Jones/Williams play off each other here w/ some eye candy... Good playside numbers for the screen TD!https://t.co/e24L8BeXpt pic.twitter.com/3RUWXKYXLo
Pairing Miles Sanders and fifth-round rookie Kenny Gainwell could work so well here. Sanders regressed as a receiver in 2020, but as I often say, that may have had more to do with a quarterback unable to throw a five-yard pass. Sanders shined out of the backfield as a rookie. Getting back to his 2019 form as a pass-catcher would be huge.
Advantage of having Rex Burkhead back. #Patriots in their two RB "pony" personnel. Run a follow route concept. White runs the wheel into the flat defenders zone who's forced to carry it and Burkhead follows right behind White into the flat. Easy 15 yards. pic.twitter.com/gEcrpT4Nm0— Evan Lazar (@ezlazar) December 3, 2018
Gainwell, in his final collegiate season in 2019 at Memphis, caught 51 balls for 610 yards on 12 yards per reception, fantastic numbers for a college back. In the aftermath of this year’s draft, the Eagles compared Gainwell to the way the Colts used Nyheim Hines as a complementary back with workhorse Jonathan Taylor last season. Hines caught 63 passes in 2020.
The screen game should improve in 2021, something Carson Wentz never did well in Philly. Having two capable backs moving in motion and creating some confusion could lead to big chunks plays. Then the Birds can start getting into the really fun stuff with wheel routes and more. A wheel route: a Philadelphia fan favorite.
Quick shots in the short game paired with the deep ball that Hurts throws well will maximize the skills he currently possesses rather than him forcing passes into the middle of the field.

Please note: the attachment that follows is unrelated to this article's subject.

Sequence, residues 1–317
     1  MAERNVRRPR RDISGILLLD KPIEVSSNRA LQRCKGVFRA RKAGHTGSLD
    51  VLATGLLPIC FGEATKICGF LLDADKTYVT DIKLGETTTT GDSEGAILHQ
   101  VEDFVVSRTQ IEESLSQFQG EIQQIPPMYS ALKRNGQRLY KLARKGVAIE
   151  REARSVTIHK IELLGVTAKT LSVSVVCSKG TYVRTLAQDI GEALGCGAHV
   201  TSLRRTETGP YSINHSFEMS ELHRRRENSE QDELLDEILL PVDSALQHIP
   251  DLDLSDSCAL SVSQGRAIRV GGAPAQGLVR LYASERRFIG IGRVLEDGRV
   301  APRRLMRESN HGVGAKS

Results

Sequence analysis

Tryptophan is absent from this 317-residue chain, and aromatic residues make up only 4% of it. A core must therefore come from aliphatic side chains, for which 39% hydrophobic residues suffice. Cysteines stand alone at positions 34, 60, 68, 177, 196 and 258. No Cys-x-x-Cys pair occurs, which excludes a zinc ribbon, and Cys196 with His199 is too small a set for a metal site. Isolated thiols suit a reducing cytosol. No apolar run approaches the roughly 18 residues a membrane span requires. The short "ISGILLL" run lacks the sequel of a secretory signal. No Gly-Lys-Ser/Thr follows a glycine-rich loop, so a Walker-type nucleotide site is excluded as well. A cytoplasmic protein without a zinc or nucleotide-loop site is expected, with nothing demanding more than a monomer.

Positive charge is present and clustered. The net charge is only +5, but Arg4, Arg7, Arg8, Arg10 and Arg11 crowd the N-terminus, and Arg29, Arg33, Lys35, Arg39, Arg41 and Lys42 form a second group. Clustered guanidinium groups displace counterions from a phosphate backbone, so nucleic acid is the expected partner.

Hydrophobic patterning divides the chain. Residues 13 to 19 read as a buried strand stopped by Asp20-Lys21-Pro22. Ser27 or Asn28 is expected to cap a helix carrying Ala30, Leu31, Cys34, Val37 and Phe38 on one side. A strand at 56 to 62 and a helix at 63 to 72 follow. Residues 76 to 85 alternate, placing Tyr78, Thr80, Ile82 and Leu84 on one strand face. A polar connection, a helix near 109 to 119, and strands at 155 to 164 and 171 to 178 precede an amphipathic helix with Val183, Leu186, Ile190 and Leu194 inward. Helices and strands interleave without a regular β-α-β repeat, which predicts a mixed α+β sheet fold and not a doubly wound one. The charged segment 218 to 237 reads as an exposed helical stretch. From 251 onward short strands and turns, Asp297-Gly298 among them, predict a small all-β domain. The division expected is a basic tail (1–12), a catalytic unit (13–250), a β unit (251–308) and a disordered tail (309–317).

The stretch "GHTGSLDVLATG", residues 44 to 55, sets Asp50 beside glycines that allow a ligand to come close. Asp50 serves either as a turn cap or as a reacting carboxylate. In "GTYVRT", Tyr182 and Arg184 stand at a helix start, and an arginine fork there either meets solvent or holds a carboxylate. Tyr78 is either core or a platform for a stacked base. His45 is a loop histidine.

Beyond the passing game, there’s some real potential for the Eagles’ rushing attack. Yes, Jeffrey Lurie will always want to be a pass-first, pass-heavy team. He infamously, according to this offseason’s expose from The Athletic, got mad at Doug Pederson for running too much after a big Thursday Night Football win in Green Bay in 2019.
The ultimate best-case scenario for Hurts would be to make a Year 2 leap like the one Lamar Jackson made in 2019. Hurts is not the same caliber of player as Jackson, but the Ravens’ success the last two years provides a blueprint the Eagles should take bits and pieces from.
Two-RB pony formations in 2019 had Jackson, Mark Ingram, and Gus Edwards tearing it up on the ground. Jackson and Ingram both topped 1,000 rushing yards and Edwards hit 700-plus. Baltimore doubled down on that for 2020, selecting J.K. Dobbins in the second round of the 2020 NFL Draft. Jackson went over 1,000 yards on the ground. Edwards hit that 700-yard mark once more. Dobbins added 805 rushing yards.
Speed, speed, speed. The Ravens have emphasized speed around their uber-athlete quarterback and the offense has looked great. The Eagles, mixing in heavy doses of Sanders and Gainwell with four-wide looks, can do the same for Hurts.
Maybe I’m getting too carried away like I once did with 12 personnel, but after zigging for so long, I’m amped to see the Eagles start to zag.